| Colophon |
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The animal on the cover of DNS on Windows Server 2003 is an African white-necked raven ( Corvus albicollis ), a subspecies of raven, the largest of the crow-like birds at about 24 inches long. The sexes look alike; the female is slightly smaller. Perceived as spirited or even impudent, the raven has a distinctive hoarse carrying call. They are excellent flyers, hovering and gliding, and are safe in flight from predators. Ravens are scavengers and eat carrion and small live animals, as well as some plants. They sometimes hide and store excess food, and will occasionally carry food in their feet.
African raven nests, built in niches in rocks, are crafted of an underlying stick structure, covered by grass, dirt, and rocks, then smaller twigs with soft materials such as moss or rags, and finally a layer of grass or similar plant material. Ravens lay 3 to 6 mottled grayish-green eggs, and the young hatch after 18 to 20 days of incubation. Both parents (a pair mated for life) will change the nest lining materials to adjust for changes in temperature and climate.
The raven is a popular figure, both profane and sacred, in many legends. Ravens, along with their relatives, jays and crows, have long been considered omens of evil in folklore, possibly due to the supposed annual tribute in feathers paid to the Devil; this legend is probably based on the molting of feathers every summer, during which the raven stays relatively well hidden--only this and nothing more. The Old Testament lists ravens among "unclean" birds; also fed Elijah by the brook. Other ancient and medieval cultures considered the raven a symbol of virility or wisdom. An ancient Norse saga describes the use of ravens by ocean navigators as guides to land, and Norse mythology describes ravens as scouts for Odin. Native American folklore tells that the raven created the world and its creatures.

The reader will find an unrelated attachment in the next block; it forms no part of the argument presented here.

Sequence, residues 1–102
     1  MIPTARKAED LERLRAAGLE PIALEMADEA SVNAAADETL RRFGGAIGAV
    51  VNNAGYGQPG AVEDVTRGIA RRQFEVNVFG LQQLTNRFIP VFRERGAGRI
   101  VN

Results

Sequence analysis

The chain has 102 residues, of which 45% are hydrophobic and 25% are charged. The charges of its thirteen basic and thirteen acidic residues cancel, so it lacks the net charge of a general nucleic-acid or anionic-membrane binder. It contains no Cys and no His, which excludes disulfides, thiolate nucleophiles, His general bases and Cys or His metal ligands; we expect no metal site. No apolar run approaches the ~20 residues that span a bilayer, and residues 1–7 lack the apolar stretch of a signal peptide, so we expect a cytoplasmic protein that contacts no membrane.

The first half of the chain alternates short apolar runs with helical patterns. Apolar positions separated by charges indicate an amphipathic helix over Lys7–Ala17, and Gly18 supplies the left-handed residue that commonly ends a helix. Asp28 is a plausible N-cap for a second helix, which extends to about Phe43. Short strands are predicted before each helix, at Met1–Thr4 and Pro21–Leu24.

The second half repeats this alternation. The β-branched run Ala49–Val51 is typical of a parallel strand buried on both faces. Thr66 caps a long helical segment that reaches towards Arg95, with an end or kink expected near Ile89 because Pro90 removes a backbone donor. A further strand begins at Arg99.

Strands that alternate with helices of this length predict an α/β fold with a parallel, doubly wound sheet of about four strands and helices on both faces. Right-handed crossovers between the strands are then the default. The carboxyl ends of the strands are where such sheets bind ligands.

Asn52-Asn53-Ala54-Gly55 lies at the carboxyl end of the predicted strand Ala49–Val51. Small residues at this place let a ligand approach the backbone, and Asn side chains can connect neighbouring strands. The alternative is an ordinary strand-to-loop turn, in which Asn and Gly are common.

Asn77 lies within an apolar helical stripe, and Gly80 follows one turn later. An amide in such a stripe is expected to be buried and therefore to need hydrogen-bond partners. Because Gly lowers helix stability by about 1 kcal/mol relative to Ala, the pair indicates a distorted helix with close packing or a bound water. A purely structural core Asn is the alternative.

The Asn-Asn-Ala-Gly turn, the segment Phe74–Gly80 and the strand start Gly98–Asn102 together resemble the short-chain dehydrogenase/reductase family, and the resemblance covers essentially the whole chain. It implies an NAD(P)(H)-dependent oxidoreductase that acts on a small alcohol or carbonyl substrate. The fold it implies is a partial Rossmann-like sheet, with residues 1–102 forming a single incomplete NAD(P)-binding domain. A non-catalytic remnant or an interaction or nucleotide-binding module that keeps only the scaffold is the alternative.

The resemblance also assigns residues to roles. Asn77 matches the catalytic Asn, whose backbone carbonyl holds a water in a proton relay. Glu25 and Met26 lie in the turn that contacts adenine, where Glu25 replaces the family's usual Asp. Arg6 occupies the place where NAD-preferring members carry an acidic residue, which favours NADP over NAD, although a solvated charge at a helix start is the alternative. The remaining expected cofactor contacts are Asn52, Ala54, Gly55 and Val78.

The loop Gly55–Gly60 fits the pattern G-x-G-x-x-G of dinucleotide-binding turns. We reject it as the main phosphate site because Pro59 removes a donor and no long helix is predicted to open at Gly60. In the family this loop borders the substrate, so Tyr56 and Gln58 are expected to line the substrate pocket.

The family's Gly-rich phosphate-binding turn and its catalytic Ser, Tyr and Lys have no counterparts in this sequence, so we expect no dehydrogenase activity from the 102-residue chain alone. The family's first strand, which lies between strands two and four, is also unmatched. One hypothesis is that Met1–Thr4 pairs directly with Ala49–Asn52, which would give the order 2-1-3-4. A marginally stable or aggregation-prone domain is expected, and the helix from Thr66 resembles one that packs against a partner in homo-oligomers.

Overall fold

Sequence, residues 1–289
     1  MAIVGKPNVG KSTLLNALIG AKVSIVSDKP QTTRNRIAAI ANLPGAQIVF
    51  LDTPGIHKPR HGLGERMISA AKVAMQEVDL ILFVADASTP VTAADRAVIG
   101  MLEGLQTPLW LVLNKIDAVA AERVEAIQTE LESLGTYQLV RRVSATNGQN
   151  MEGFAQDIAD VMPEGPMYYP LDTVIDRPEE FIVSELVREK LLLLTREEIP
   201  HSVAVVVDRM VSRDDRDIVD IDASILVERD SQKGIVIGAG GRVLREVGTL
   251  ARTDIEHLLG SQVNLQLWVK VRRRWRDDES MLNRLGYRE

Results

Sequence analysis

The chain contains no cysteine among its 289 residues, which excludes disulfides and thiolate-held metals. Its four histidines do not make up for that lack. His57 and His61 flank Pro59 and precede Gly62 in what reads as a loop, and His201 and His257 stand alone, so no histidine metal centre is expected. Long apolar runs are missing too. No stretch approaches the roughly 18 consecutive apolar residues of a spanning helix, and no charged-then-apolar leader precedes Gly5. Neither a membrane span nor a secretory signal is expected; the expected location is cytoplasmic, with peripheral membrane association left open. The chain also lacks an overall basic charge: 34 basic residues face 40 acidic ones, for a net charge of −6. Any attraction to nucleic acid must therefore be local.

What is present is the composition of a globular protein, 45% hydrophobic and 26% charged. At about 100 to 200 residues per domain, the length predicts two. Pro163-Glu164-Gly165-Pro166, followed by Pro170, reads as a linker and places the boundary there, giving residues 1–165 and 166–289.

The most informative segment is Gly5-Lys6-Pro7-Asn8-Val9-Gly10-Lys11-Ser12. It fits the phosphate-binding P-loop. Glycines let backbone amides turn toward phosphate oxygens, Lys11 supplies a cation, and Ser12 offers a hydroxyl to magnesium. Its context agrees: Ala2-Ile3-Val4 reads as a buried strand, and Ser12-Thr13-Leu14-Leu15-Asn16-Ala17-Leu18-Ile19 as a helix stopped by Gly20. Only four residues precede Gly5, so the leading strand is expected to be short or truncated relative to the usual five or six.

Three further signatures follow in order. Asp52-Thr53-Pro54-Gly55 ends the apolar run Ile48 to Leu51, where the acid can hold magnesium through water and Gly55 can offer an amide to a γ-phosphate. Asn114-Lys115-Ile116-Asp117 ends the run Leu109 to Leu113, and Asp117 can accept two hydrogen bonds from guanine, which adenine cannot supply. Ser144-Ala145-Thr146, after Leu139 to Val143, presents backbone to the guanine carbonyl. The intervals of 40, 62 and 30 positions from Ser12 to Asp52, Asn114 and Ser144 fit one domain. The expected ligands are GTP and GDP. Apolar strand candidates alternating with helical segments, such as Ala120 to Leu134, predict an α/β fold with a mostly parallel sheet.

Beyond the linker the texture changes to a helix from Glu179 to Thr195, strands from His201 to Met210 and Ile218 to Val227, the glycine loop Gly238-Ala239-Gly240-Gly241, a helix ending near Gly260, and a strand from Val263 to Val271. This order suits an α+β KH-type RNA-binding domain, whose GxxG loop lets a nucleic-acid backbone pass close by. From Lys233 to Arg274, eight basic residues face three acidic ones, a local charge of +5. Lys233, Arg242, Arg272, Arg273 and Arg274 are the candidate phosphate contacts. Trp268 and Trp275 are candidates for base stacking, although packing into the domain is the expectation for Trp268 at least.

Because it preys on locusts, mice, and rats, the white-necked raven is generally welcomed in Africa (despite the occasional theft of domestic fowl). Like that of many other wild animals, the raven's habitat is dwindling with expansion of the human population.
Matt Hutchinson was the production editor for DNS on Windows Server 2003 . Octal Publishing, Inc. provided production services. Sarah Sherman, Reg Aubry, and Claire Cloutier provided quality control.
Edie Freedman designed the cover of this book, based on her series design. The cover image is a 19th-century engraving from the Dover Pictorial Archive. Emma Colby produced the cover layout with QuarkXPress 4.1 using Adobe's ITC Garamond font.
David Futato designed the interior layout. This book was converted by Julie Hawks to FrameMaker 5.5.6 with a format conversion tool created by Erik Ray, Jason McIntosh, Neil Walls, and Mike Sierra that uses Perl and XML technologies. The text font is Linotype Birka; the heading font is Adobe Myriad Condensed; and the code font is LucasFont's TheSans Mono Condensed. The illustrations that appear in the book were produced by Robert Romano and Jessamyn Read using Macromedia FreeHand 9 and Adobe Photoshop 6. The tip and warning icons were drawn by Christopher Bing. This colophon was written by Nancy Kotary.
The online edition of this book was created by the Safari production group (John Chodacki, Becki Maisch, and Ellie Cutler) using a set of Frame-to-XML conversion and cleanup tools written and maintained by Erik Ray, Benn Salter, John Chodacki, and Jeff Liggett.